A New York attorney recently filed a federal lawsuit against The Prudential Insurance Company of America (Prudential). The Plaintiff, Gaye D., was employed by KeyCorp as a District Manager/Area Retail Leader. Her employment enabled Plaintiff to be covered by KeyCorp’s long-term disability Plan, which was funded by Prudential.
In Gaye D. v. The Prudential Insurance Company of America, Plaintiff seeks the payment of owed long-term disability benefits and reinstatement of future long-term disability benefits that were wrongfully ended by Prudential.
Case Facts Against Prudential
Plaintiff was employed as a District Manager/Area Retail Leader by KeyCorp until she became disabled in or around January 2008. Plaintiff was originally diagnosed with a herniated disc problem in October 2005. An MRI confirmed that the Plaintiff had a bulging disc at the C5-6 level.
Plaintiff was referred to Dr. Liu, who recommended physical therapy, but this was unsuccessful in relieving the pain. As a result, Plaintiff began receiving Epidural Steroid Injections every six months.
In June 2007, Plaintiff began experiencing severe pain in her lower back that radiated into both of her legs. This was due to bulging discs and disc degeneration. This led to the Plaintiff having difficulty sitting, standing, and walking. Dr. Liu suggested that the Plaintiff take some time off of work to allow the swelling to subside, so the Plaintiff took four weeks off from work.
Plaintiff returned to work on or about August 20, 2007, but began experiencing pain after just one week of work. This led to Plaintiff being absent on sick leave for six weeks, continuing with physical therapy and injections.
Dr. Liu first recommended to Plaintiff in October 2007 that Plaintiff should consider going out on permanent disability as her condition would not improve with time and could get worse with additional work. Plaintiff chose to ignore this advice and continued working for three more months.
Plaintiff had difficulty managing her pain and returned to see Dr. Liu in January 2008. Dr. Liu gave Plaintiff more shots and again suggested permanent disability, but Plaintiff again refused and returned to work. Plaintiff had to see Dr. Liu again in April 2008. Dr. Liu clearly advised Plaintiff that she would be unable to walk without pain and her pain would continue to worsen if she didn’t go on permanent disability. Plaintiff finally agreed to stop working in April 2008.
Plaintiff applied for long-term disability benefits, which Prudential granted from April 2008 through December 23, 2009.
Termination of Long-Term Disability Benefits By Prudential
Via letter dated December 24, 2009, Prudential informed Plaintiff that her long-term disability benefits would run out on December 23, 2009 despite the fact that Plaintiff’s medical condition had not improved since she began receiving benefits in April 2008. Prudential based its decision on a 20-minute independent medical examination (click here for more information on Independent Medical Examinations (IME)) that suggested that Plaintiff could sustain part or full-time light capacity for an eight-hour day.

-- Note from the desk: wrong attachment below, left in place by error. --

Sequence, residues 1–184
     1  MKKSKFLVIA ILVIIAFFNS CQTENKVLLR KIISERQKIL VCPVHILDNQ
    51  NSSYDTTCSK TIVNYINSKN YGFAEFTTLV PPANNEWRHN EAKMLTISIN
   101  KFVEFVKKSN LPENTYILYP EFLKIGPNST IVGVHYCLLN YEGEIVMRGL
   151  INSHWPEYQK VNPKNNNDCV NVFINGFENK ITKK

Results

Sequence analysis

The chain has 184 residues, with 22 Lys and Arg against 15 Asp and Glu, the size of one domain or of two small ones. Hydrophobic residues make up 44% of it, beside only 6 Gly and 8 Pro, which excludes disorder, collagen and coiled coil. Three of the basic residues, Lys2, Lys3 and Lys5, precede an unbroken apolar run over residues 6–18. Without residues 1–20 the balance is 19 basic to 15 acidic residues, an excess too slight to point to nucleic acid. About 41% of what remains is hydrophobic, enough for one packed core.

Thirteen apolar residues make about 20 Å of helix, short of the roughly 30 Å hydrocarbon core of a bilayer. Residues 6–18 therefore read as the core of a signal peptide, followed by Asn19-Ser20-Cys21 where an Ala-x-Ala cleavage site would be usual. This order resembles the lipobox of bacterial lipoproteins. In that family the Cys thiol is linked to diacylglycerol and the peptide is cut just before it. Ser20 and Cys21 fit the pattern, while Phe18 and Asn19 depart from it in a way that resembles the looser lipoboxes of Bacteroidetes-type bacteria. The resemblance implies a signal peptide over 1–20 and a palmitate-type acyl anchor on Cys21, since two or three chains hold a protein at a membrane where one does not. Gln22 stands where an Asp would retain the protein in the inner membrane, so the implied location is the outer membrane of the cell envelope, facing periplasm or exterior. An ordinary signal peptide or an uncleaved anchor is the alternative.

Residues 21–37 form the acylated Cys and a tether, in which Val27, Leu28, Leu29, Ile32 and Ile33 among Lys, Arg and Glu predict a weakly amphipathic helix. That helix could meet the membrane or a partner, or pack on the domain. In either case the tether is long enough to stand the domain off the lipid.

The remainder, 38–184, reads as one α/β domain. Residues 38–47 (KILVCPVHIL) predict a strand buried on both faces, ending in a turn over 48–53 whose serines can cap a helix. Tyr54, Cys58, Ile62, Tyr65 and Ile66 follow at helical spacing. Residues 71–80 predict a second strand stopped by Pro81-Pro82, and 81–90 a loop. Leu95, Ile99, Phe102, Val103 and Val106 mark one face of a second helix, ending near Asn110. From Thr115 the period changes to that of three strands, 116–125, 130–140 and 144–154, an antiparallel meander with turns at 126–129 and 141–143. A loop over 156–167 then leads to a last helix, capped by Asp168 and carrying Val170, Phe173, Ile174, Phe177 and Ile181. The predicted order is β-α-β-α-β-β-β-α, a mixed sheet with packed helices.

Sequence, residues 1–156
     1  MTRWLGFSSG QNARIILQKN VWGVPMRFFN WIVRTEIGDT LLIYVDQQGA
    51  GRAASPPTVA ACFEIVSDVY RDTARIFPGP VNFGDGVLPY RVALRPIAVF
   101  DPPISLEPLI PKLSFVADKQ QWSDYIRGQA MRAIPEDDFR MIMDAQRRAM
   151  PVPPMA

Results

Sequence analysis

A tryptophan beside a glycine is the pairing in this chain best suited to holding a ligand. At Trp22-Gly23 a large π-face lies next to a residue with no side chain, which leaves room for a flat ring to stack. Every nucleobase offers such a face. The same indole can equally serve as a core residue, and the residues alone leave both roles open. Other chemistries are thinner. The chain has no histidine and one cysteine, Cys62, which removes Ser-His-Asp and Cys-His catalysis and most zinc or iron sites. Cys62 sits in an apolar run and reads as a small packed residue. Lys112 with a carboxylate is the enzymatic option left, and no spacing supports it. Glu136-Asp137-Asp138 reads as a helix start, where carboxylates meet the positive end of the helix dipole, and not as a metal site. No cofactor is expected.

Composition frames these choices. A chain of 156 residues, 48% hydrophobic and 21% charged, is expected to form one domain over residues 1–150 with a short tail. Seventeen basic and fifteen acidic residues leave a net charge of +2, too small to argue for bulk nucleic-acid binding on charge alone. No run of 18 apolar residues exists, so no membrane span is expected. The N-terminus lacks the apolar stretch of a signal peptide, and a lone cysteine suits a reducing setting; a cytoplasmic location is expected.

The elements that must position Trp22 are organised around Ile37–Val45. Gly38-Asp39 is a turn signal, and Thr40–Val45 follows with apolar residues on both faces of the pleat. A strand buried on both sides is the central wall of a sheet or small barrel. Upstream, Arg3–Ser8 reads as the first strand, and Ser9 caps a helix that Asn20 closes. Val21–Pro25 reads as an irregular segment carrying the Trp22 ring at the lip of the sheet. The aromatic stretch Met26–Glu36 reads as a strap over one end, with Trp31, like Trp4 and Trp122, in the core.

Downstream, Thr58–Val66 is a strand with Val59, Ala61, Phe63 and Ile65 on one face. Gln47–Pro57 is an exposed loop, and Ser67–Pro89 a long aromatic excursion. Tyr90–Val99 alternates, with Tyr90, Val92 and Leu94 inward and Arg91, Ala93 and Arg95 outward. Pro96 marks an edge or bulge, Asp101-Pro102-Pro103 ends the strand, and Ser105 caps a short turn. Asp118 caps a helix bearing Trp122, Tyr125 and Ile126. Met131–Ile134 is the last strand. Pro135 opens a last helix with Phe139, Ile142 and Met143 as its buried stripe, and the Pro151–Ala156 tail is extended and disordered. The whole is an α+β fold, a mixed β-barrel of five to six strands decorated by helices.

Plaintiff filed an administrative appeal that challenged Prudential’s decision via a letter to Prudential on January 26, 2010. Prudential denied this appeal via letter dated April 30, 2010. Plaintiff issued a second appeal on November 26, 2010, arguing that Prudential’s decision to uphold its denial based on video surveillance of the Plaintiff and the independent medical examiner’s report were both flawed. Prudential issued a final denial of benefits on February 24, 2011. Due to exhausting all administrative remedies, Plaintiff has filed this lawsuit against Prudential.
Lawsuit Filed Against Prudential For Improper Termination Of Long-Term Disability Benefits
The lawsuit claims that the following wrongful actions were committed by Prudential against the Plaintiff:
- Prudential wrongfully terminated Plaintiff’s benefits despite the fact that the Plaintiff’s condition had worsened since she first received benefits in April 2008 until the time the benefits were terminated on December 23, 2009
- Prudential wrongfully upheld its denial of benefits largely based on one independent medical examination that only involved a 20-minute examination of the Plaintiff
- Prudential wrongfully upheld its denial of benefits based on video surveillance that often showed the Plaintiff’s husband or son moving in the video without pain, not the Plaintiff, who appeared to be in pain and lifted nothing more than a light garbage bag and a purse
- Prudential did not properly evaluate the Plaintiff’s medical evidence, including the reports from Dr. Liu, who had examined her regularly since 2005
- Prudential did not correctly assess the demanding physical demands of the Plaintiff’s occupation when denying her future long-term disability benefits, claiming that the demands were “light work”
Following Relief Sought By The Plaintiff Against Prudential
Due to the improper actions by Prudential, Plaintiff asks for the following relief from the Court:
- Prudential pays all owed long-term disability benefits from December 24, 2009 to the present date, along with all accrued interest
- Prudential pays all future long-term disability benefits so long as Plaintiff remains eligible under the terms of the Plan
- Prudential pays all reasonable attorney fees
- Prudential pays all associated court costs related to this lawsuit
- Prudential pays all other relief deemed fair and just by this Court